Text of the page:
A Canadian judge has postponed a ruling on judicial representation for clients of Canadian cryptocurrency exchange QuadrigaCX. A team of counselors from top law companies met in a court in Halifax, Nova Scotia, to obtain the permission to represent lenders in the continuing QuadrigaCX case. After the complete hearing, the judge wouldn’t deliver a verdict on which company would present attorney for QuadrigaCX’s customers, though he affirmed a ruling within the week, reported Bitcoin Magazine.
More than a Dozen Lawyers
115,000 customers owed as much as $260M in funds and cryptocurrency after QuadrigaCXfounder’s death. More than a dozen lawyers met on a Halifax courtroom on February 14, 2019, to present their offerings to serve creditors owed $260 million in the QuadrigaCX cryptocurrency disaster. Three groups of lawyers have demanded to the Nova Scotia Supreme Court to serve 115,000 cryptocurrency dealers owed $70 million in cash and $190 million in Bitcoins and other digital assets.
Justice Michael Wood said that he would announce a written judgment in the matter within a week. In the meantime, the counselor selected by the court, Ernst & Young, has unveiled that at the prevailing scene the exchange owes CA$100,000 ($75,000) to the advocates, while Quadriga claims that “as of today, we don’t have anything.”
During the concourse, the Justice Michael Wood listened statements from the four law companies that lenders have used to for advice, particularly, Bennett Jones LLP; Osler, Hoskin & Harcourt LLP; McInnes Cooper LLP and latecomer Goodmans LLP.
Christine Duhaime of Duhaime Law stated
The decision to delay the appointment of representative counsel is a sound one. The Court needs to be able to select the right firm that can present Canadians across the country with expertise and in a cost-effective manner. Most users are in British Columbia and Ontario and so firms with solid representation there would be key so that customers from those provinces have access to the process.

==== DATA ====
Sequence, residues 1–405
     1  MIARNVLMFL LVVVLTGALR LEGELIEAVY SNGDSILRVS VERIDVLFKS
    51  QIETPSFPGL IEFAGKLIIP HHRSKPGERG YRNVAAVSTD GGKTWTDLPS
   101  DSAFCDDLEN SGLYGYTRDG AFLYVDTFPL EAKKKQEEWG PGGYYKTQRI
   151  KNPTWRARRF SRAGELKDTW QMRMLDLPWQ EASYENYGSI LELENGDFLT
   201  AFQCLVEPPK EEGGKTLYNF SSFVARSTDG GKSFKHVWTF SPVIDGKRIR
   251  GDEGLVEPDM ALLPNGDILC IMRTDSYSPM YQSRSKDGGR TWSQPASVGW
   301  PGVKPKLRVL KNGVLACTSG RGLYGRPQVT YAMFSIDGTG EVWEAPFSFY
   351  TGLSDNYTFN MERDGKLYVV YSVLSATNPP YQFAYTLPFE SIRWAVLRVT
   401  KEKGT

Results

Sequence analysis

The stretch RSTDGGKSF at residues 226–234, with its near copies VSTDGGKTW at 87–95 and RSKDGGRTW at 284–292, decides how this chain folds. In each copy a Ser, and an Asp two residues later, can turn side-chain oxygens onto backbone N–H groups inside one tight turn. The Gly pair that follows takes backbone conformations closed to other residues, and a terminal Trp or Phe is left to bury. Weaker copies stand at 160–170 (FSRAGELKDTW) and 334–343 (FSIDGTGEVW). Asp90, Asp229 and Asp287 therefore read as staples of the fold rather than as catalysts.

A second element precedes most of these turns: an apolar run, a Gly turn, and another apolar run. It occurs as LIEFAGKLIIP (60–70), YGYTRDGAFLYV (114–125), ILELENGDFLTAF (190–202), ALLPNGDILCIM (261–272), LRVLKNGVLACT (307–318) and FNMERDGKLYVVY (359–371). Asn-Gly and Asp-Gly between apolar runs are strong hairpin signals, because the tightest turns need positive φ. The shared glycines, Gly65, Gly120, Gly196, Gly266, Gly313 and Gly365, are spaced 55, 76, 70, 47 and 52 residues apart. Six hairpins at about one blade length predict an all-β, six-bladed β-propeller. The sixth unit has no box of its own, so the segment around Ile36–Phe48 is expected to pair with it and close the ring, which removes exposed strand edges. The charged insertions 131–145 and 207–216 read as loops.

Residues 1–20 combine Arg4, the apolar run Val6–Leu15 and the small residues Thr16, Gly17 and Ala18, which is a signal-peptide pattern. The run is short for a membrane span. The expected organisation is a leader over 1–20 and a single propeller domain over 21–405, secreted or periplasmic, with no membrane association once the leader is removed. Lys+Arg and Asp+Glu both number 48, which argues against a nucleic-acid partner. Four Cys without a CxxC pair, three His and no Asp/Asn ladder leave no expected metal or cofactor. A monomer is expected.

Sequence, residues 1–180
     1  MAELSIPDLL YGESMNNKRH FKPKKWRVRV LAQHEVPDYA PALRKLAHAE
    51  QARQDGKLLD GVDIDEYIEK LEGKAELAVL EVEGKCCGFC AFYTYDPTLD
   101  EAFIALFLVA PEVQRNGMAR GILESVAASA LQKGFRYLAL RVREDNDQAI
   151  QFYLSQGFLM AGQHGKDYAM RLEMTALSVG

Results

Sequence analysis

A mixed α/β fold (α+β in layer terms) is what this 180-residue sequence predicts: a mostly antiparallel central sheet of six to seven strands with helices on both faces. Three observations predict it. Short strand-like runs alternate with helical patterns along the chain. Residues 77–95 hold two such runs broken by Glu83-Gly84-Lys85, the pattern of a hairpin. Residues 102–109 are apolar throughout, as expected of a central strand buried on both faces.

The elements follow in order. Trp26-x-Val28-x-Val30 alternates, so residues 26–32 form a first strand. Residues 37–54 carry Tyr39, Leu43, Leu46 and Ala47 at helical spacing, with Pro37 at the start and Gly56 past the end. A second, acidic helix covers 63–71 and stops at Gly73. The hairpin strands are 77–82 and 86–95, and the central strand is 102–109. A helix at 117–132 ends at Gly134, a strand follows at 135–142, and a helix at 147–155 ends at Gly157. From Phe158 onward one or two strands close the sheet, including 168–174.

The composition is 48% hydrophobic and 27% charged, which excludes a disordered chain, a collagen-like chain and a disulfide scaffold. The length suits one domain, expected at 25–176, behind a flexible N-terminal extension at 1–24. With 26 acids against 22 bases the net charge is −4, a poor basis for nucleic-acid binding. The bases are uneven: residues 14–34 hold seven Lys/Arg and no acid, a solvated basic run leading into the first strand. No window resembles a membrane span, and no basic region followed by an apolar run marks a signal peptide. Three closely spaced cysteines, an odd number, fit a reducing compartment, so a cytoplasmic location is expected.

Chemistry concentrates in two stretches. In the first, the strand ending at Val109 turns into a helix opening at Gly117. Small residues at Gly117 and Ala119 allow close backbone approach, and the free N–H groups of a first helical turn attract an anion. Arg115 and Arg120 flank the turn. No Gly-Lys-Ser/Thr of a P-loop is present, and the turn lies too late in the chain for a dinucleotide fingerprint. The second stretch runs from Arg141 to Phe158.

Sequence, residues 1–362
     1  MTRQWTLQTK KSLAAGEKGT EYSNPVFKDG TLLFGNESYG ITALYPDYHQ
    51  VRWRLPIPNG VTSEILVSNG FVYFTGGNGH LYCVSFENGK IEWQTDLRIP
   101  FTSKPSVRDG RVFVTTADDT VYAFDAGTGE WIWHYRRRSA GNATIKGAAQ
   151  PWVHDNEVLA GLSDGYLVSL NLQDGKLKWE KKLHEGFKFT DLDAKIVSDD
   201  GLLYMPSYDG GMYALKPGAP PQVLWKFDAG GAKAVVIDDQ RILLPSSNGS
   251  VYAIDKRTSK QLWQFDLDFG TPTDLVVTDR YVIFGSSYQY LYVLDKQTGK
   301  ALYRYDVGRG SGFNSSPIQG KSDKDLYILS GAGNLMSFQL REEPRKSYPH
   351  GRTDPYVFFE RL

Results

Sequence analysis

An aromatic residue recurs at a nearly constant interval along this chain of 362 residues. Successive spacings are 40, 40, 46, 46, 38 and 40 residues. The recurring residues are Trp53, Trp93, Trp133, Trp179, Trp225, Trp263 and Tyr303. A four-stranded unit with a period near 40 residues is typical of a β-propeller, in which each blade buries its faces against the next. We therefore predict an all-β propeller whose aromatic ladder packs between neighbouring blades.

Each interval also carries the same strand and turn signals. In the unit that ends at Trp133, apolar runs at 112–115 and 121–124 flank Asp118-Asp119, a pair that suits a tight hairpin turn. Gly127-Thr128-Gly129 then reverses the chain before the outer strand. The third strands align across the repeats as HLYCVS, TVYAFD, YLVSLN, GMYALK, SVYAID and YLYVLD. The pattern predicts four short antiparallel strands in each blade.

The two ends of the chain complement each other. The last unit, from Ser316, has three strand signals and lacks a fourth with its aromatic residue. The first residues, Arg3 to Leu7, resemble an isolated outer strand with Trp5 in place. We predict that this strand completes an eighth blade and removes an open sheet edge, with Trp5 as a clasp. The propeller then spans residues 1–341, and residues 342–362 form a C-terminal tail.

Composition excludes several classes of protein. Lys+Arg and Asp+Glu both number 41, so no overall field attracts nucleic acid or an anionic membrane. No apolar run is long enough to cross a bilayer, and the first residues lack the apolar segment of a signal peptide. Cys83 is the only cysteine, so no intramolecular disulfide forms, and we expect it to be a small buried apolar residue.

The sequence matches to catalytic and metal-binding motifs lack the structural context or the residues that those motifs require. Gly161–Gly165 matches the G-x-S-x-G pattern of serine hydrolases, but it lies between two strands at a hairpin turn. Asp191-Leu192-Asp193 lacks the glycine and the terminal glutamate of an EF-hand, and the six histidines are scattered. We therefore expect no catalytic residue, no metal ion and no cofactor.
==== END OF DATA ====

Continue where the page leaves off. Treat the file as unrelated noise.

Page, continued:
Jack Julian, a journalist for news outlet CBC, tweeted the courtroom procedures, summing up a total of 18 lawyers who were present at the hearing. One of these, Maurice Chiasson, represented QuadrigaCX while another represented Ernst & Young, The other represented some 200 customers hit by the exchange’s failure to acknowledge retreats. These customers reportedly have $50 million CAD in the exchange in the consequence of the death of its founder and CEO, Gerald Cotten. The $50 million CAD described today is just a portion of the $250 million CAD money that the exchange owes its clients.
Just a few days ago, Quadriga had stated its clients have accounts with a whole balance of about C$250 million. Only approximately C$70 million of those client funds is in cash. About C$180 million, or about $136 million, is in cryptocurrencies kept in a stock account managed on Mr. Cotten’s laptop, the firm stated in its insolvency filing. Quadriga would require the power of that account to transfer those cryptocurrency reserves to clients.
After the hearing, the court also directed plenty of notable points in the case, including the nonexistence of $30 million CAD value of bank draft notes that QuadrigaCX insists that it is owed by its payment processing allies. QuadrigaCX is proceeding rush to obtain these funds as most of the $300,000 CAD it has in its territory for judicial fees are almost spent.
James Edwards, a cryptocurrency researcher who writes research on a website called Zerononcense, stated that it looks that there are no identifiable cold wallet savings for QuadrigaCX. He further said that QuadrigaCX was operating collaterals from their clients to reimburse other clients once they obliged their withdrawal. It does not seem that QuadrigaCX has failed access to their Bitcoin holdings. The amount of bitcoins in QuadrigaCX’s ownership is considerably less than what has described in Jennifer Robertson’s (wife of purportedly dead CEO and founder Gerry Cotten) testimony, tendered to the Canadian courts on January 31st, 2019.
James Edwards further revealed that QuadrigaCX has not been true with profits to their inability to secure the funds needed to pass client retreat applications. In fact, it is nearly unlikely to believe that this is the problem in lieu of the experimental proof presented by the blockchain. After executing the examination, he further said that the obstacles in fulfilling crypto withdrawals to clients were because the QuadrigaCX really did not have the funds. In some circumstances, QuadrigaCX was made to wait for sufficient client collaterals to be fulfilled on the exchange before concocting crypto withdrawal applications by their clients.